Hearts of Oak (Ireland)

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The Hearts of Oak, also known as Oakboys and Greenboys, was a protest movement of farmers and weavers that arose in County Armagh, Ireland in 1761. Their grievances were the paying of ever increasing county cess, tithes, and small dues. The Hearts of Oak name came from the wearing of a piece of oak in their hats.[1] By the end of the protests the movement had spread to the neighbouring counties of Cavan, Fermanagh, Londonderry, Monaghan, and Tyrone.[1][2][3]

Origins and grievances[edit]

The Hearts of Oak movement started in 1761 in County Armagh, Ireland's then most populous county.[2][3] The first ground of complaint was that every man was forced to give six days' work in the year and six days' work of a horse, for making or repairing roads, which the gentry often turned to their own use, while they themselves contributed nothing.[4]

Their chief grievance appears to have been the turnpike toll gates, which they went about demolishing. In 1763 the county cess (tax) was increased to help pay for the improvements in the country's transport network which was needed due to the rapid expansion of the linen industry in Ulster.[2][5] Another grievance to which the Oakboys were vehement about was the paying of the tithe to the Church of Ireland, which the state church was entitled to collect from the local population regardless of religion.[2][5][6] Along with this was the paying of "small dues", where Catholics and Presbyterians had to pay the Church of Ireland a fee for marriages, baptisms and funerals, whether or not it occurred in their church.[1]


There are accounts, quite possibly exaggerated, claiming some Hearts of Oak gatherings consisted of as many as 10,000 people.[1][3] One account claimed that there is no town in County Armagh that could not raise four or five hundred.[3][1] Whilst many members were volunteers, the Hearts of Oak frequently intimidated many others to join their ranks, though this appears to have been a community sanction.[1] Others were attracted by the carnival-like nature of their gatherings, with companies of Oakboys displaying standards and playing drums, horns, bagpipes, and fiddles.[1]

The main tactic of the Hearts of Oak appears to have been that once assembled, they would march to the houses of local gentlemen such as landlords, clergy, and magistrates and make them swear an oath and sign a declaration depending on the grievance.[1] This involved the threat of violence and it is recorded that they put up gallows and threatened to hang any who refused to meet their demands.[1] Due to the size of these Oakboy gatherings, those affected readily complied, and soon gentlemen were being summoned to public places to make their declaration, with those that failed to appear when summoned being marched upon. Despite the threatening language and symbolism they used, and most likely due to their vast numbers, they rarely, if ever, had to resort to physical violence.[1]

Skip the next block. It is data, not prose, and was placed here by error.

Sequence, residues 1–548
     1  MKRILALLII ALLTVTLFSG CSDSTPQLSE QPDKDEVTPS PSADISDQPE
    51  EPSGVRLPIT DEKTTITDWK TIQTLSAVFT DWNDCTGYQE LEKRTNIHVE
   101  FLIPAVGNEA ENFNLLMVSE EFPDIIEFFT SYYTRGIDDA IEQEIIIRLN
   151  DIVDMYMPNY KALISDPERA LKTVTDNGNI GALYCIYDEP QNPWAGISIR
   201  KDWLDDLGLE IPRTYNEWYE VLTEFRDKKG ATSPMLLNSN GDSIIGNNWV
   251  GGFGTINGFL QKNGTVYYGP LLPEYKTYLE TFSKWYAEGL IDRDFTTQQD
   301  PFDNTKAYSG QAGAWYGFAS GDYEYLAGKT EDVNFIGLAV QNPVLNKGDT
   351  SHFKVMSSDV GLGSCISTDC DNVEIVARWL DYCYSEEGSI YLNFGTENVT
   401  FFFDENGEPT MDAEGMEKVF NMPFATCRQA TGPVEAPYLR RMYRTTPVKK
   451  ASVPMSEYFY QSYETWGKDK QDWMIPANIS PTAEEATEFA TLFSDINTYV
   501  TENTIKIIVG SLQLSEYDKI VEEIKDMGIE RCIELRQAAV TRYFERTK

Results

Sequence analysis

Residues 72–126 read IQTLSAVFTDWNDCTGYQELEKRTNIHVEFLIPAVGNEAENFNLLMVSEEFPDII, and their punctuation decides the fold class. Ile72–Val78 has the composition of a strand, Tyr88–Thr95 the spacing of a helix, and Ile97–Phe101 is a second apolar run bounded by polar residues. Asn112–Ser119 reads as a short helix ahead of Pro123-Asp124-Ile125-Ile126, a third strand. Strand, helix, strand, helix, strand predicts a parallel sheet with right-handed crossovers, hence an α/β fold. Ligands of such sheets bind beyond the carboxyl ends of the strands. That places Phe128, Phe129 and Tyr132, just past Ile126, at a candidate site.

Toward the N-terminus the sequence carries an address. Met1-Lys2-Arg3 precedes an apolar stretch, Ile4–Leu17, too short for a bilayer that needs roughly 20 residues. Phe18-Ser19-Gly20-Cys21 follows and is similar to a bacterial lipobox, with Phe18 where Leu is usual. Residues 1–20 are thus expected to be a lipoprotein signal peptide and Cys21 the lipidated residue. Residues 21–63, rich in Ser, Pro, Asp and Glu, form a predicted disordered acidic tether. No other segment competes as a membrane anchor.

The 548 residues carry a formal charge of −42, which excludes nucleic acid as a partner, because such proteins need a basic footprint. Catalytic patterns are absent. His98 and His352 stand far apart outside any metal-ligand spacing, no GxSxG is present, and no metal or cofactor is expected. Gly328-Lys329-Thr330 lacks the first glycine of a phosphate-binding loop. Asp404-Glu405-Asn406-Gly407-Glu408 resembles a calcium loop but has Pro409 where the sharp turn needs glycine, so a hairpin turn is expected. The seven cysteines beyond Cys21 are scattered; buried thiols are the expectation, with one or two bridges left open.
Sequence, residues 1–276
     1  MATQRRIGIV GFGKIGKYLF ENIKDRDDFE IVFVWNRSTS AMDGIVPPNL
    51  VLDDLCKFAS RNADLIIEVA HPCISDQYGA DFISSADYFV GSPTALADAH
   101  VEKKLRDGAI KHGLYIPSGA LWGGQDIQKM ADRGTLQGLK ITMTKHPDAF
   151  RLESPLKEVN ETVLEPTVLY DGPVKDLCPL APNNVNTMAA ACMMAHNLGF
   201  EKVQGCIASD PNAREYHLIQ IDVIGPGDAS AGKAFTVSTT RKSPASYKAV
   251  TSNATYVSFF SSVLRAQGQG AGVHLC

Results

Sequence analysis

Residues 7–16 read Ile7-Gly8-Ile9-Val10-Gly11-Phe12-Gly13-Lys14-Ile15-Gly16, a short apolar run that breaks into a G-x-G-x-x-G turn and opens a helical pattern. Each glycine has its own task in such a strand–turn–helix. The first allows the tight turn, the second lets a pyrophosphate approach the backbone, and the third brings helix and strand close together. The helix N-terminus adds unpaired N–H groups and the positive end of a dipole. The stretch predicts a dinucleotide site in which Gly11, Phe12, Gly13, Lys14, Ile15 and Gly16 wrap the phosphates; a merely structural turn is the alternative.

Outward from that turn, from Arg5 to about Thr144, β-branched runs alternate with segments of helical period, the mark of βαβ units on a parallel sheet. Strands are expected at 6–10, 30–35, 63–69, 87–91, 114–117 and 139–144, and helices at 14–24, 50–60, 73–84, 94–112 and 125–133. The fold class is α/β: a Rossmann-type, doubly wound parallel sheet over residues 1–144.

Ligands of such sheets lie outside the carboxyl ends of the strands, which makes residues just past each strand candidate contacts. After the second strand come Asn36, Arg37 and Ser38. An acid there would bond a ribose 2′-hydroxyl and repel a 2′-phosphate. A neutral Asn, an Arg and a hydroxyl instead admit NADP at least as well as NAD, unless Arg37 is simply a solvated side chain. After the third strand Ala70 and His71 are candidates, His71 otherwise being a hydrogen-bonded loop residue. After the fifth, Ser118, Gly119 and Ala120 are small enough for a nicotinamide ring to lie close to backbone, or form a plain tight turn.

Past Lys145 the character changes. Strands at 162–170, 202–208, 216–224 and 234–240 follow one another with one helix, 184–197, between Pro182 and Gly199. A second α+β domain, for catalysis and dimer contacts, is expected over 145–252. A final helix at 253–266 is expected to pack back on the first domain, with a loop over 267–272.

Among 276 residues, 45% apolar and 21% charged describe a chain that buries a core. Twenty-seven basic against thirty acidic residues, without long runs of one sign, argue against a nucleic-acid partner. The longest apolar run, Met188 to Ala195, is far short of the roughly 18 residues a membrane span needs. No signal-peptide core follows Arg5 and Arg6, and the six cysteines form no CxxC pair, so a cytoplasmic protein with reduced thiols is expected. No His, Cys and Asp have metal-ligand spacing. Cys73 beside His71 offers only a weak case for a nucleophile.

The activity of the Hearts of Oak declined in County Armagh as 1763 progressed on, with their demands being met by the county magistrates.[3] This success however is claimed as causing the movement to grow in strength in neighbouring counties.[1] In County Londonderry, many rectors and tithe collectors had to flee to the city of Derry for protection, to which the Hearts of Oak threatened to besiege the city unless they were expelled.[1]

End of the protests[edit]

By the middle of July 1763, the Irish government, worried by the Hearts of Oak's progress, dispatched troops to the affected counties.[1] Whilst the mere appearance of the army was enough to disperse some Hearts of Oak, to end demonstrations and marches in other areas, they had to assert themselves.[1] This led however to a few bloody confrontations which saw several Oakboys killed and many others arrested.[1]

A general pardon was issued at the start of August 1763 for all Hearts of Oak who would return to their homes, and by the end of August, the Hearts of Oak had been subdued.[1] This pardon however excluded those who had already been arrested or previously indicted, of which some would need to be the subject of "exemplary" punishment.[1] These trials however descended into farce when only one Oakboy brought to trial was found guilty of treason and sentenced to death, with all other defendants acquitted.[1] This may have been due to the fact the charges labelled against them were of treason, with the sole Oakboy found guilty being charged as such for treating a clergyman "very ill". Petty juries didn't like charges such as this, especially when death was the penalty, and it is suggested that the juries were made up of people who sympathised with the Hearts of Oak.[1]

Despite some small degree of sectarianism in rhetoric, the movement as a whole consisted of aggrieved Anglicans, Presbyterians, and Roman Catholics.[5][6] Though this was the case, the Church of Ireland, of which the vast majority of gentlemen belonged too, blamed the Presbyterians. The local Presbyterian churches responded with notices calling on their members to remember their loyalty and obedience to peace, whilst seeking absolution of being to blame.[3]

See also[edit]


  1. ^ a b c d e f g h i j k l m n o p q r s t James S. Donnelly Jr. Hearts of Oak, Hearts of Steel. Studia Hibernica, Editorial Board.
  2. ^ a b c d e Jonathan Bardon (2005). A History of Ireland. The Blackstaff Press. ISBN 978-0-85640-764-2.
  3. ^ a b c d e f g Eoin Magennis. County Armagh Hearts of Oak. Cumann Seanchais Ard Mhacha/Armagh Diocesan Historical Society.
  4. ^ Joyce, P.W., "Irish Secret Societies (1760-1762)", A Concise History of Ireland
  5. ^ a b c d S. J. Connolly (2007). Oxford Compantion to Irish History. Oxford University Press. ISBN 978-0-19-923483-7.
  6. ^ a b c James S. Donnelly (1981). "Hearts of Oak, Hearts of Steel". Studia Hibernica. Studia Hibernica (21): 7–73. JSTOR 20496176.